What the Latest IPCC Report Means for You

Split Rock Lighthouse above the frozen Lake Superior with a pink sunset.

On August 9, 2021, the United Nations’ Intergovernmental Panel on Climate Change (IPCC) released a report to the public detailing the state of our climate and future projections. This project was a collaboration with 230 authors from 65 different countries. The report, which includes analytics from over 14,000 scientific studies, has a few main takeaways that everyone should know about.

These main points, summarized by Henry Fountain of The New York Times, are as follows:

  • Humans activity has increased global emissions and therefore directly influenced global warming
  • Climate change research continues to develop and improve with new technology which can help create more accurate forecasts
  • Even if immediate action is taken to curb emissions, it will not be enough to stop the next 30 years worth of climate change effects we are already experiencing
  • This is the fastest our climate has changed in the last 2 million years
  • There is still a chance that we can lower emissions enough to curb the drastic and life-threatening effects of climate change

The IPCC 2021 report confirms without a doubt that human activity has influenced the warming of our world. Droughts, hurricanes, floods, and wildfires like the Greenwood Fire in Northern Minnesota, among other effects, will continue to increase in frequency and intensity over the next few decades. If we don’t take immediate climate action, we will not be able to lower our global emissions enough to control these changes.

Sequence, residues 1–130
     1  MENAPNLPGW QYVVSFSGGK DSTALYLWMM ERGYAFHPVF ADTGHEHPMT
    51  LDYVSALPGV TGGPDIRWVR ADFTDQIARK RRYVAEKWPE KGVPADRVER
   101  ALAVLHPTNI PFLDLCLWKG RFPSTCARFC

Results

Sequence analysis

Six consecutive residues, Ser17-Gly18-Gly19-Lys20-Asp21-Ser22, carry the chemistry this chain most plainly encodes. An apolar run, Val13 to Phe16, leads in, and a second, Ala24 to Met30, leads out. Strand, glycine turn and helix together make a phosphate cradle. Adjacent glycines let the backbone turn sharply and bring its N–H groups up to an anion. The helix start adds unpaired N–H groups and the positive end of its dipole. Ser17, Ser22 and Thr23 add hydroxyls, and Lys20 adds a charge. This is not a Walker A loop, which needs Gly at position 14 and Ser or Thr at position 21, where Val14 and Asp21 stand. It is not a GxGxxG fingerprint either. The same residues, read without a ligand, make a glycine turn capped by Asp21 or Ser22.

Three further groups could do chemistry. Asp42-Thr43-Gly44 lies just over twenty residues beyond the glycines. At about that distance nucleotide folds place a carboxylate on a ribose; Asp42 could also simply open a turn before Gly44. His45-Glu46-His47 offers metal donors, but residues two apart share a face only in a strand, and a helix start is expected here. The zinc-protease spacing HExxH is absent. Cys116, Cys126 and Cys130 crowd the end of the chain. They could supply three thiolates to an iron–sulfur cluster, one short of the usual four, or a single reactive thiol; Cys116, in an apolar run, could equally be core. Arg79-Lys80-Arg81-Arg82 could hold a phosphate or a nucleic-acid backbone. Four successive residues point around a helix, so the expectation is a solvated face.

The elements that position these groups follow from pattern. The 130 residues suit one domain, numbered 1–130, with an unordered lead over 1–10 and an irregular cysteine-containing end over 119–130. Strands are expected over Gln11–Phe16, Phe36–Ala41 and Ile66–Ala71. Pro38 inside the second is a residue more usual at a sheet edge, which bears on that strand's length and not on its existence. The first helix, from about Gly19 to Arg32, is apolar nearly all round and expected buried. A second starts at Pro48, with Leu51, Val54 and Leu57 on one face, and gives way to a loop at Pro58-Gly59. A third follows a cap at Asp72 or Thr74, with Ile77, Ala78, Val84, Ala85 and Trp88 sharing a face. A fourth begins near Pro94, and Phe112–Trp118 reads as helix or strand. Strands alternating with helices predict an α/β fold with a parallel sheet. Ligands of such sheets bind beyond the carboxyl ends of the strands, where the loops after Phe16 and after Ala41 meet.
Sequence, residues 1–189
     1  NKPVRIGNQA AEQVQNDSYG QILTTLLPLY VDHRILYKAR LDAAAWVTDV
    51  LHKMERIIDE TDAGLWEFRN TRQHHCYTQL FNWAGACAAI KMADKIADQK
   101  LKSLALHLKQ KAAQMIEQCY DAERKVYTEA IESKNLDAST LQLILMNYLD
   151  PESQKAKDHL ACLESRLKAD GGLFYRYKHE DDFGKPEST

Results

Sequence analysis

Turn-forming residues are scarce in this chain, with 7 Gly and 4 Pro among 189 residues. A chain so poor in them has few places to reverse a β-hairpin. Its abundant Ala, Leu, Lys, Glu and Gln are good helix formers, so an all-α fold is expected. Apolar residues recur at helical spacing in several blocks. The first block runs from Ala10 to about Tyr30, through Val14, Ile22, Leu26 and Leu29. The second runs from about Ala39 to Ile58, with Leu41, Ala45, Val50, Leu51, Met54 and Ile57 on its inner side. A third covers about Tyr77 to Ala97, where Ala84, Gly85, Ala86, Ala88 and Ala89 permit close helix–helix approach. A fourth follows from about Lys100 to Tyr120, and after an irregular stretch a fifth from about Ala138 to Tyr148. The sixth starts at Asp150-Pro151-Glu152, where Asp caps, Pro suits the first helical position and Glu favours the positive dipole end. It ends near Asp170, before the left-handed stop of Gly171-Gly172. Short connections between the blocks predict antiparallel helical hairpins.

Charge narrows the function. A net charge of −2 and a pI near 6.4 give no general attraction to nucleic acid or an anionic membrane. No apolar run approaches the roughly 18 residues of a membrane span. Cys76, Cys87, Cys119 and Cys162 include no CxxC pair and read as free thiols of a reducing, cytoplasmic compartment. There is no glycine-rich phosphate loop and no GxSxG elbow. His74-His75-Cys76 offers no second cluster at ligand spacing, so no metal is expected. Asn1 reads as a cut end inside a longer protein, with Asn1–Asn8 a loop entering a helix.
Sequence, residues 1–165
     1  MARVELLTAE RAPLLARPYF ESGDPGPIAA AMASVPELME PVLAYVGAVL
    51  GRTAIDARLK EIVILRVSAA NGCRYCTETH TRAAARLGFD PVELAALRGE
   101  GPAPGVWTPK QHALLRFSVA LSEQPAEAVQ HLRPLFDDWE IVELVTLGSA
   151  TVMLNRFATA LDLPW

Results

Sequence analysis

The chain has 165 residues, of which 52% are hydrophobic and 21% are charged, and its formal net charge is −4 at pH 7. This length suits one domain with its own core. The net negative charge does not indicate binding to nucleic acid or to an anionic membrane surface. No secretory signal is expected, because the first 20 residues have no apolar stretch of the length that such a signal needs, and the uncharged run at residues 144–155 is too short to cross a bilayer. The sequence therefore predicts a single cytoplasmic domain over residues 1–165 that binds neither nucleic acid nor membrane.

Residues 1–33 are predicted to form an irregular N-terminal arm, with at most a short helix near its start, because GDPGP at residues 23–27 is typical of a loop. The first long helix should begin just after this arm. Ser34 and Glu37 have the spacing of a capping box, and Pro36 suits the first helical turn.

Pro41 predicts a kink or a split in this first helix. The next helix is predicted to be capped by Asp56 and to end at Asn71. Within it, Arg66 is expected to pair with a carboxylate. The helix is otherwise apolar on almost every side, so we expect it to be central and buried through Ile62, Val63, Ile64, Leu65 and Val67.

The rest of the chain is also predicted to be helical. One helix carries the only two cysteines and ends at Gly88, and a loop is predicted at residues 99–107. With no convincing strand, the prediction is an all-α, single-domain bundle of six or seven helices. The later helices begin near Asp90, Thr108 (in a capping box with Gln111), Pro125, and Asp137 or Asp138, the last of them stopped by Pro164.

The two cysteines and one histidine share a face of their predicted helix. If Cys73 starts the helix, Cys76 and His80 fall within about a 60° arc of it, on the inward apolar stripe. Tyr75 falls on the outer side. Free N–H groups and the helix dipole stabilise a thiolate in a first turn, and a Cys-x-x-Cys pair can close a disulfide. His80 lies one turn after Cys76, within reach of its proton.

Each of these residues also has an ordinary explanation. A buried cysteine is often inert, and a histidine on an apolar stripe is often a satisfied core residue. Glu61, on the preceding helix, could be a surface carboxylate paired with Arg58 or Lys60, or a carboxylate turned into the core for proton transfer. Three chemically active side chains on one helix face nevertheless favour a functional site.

This report comes just a few months shy of COP 26, which will be held in Glasgow, Scotland. The Conference of the Parties brings together leaders from almost every country to discuss climate issues and create collaborative action. The COP 26 has four main goals: to secure the global commitment to net zero emissions by mid-century; to adapt infrastructure to protect against climate change threats; to organize the climate financial sector; to work together to finalize rules from the Paris Agreement. 

We are currently off track from the agreed-upon amount of only 2C of increasing global temperature rise by the end of the century. Right now, we’re projected to reach 3C by the end of this century and already scientists estimate the global temperature will increase by 1.5C within the next 12 years. These numbers can be confusing, but they spell out the need for urgent action to ensure human survival. We need to change now so that we might still have the opportunity to save ourselves. 

So to reiterate what you need to know about climate change: 

  • Experts Agree
  • It’s Real
  • It’s Us (human-caused)
  • It’s Bad (for people & planet)
  • It’s Solvable

Here’s how you can help. First, make sure that you are registered to vote if able and educate yourself on climate policy. Next, find out who your representatives are and contact them to encourage them to support specific climate change policies that you are passionate about. You can also get involved in your school and community. Look around you and question where improvements can be made and reach out to your network about them. Change won’t happen until we do.


The climate crisis has been felt for years now, and it’s currently not getting better. With these vast changes to our climate and communities comes stress, fear, and grief. We have all experienced or will experience loss from climate change, and it can be overwhelming. If you need a safe place to share your concerns, come to Climate, Cocoa, and Cookies. We meet every Tuesday from 7-8pm at the Bagley Outdoor Classroom. Everyone is welcome.